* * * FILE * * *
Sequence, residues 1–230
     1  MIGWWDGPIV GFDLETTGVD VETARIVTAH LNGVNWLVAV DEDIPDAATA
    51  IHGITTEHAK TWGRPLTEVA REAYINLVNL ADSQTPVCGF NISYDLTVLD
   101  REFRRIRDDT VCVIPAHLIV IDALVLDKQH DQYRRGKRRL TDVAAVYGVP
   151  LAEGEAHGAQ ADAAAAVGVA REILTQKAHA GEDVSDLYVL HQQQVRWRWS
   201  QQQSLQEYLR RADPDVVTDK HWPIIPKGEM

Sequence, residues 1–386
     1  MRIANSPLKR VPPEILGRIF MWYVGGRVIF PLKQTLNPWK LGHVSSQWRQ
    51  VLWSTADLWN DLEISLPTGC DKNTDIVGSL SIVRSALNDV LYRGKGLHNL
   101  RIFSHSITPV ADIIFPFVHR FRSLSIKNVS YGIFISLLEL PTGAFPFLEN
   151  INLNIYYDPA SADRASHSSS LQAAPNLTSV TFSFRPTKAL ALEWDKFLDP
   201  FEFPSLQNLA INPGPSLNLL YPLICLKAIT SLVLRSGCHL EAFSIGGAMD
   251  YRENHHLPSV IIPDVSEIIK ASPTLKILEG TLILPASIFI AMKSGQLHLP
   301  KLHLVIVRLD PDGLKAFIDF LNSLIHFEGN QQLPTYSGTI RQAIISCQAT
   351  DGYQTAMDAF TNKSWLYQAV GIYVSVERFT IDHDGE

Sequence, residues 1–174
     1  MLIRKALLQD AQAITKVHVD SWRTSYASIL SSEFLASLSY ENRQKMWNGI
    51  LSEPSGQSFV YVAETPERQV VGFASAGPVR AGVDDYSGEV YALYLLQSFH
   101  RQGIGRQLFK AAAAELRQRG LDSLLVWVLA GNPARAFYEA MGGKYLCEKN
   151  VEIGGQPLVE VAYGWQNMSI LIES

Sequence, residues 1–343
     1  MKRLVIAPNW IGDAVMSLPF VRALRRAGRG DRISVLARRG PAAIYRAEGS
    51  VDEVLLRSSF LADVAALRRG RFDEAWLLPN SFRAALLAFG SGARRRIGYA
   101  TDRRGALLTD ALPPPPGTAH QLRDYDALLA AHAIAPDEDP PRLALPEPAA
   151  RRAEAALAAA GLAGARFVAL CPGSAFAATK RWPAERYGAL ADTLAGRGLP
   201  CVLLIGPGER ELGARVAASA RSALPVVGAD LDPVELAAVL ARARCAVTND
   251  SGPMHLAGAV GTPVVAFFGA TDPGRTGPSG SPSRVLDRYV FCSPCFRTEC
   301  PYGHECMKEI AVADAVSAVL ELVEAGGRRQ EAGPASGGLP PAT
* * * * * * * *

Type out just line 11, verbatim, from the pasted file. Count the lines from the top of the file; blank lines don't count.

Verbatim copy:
   151  INLNIYYDPA SADRASHSSS LQAAPNLTSV TFSFRPTKAL ALEWDKFLDP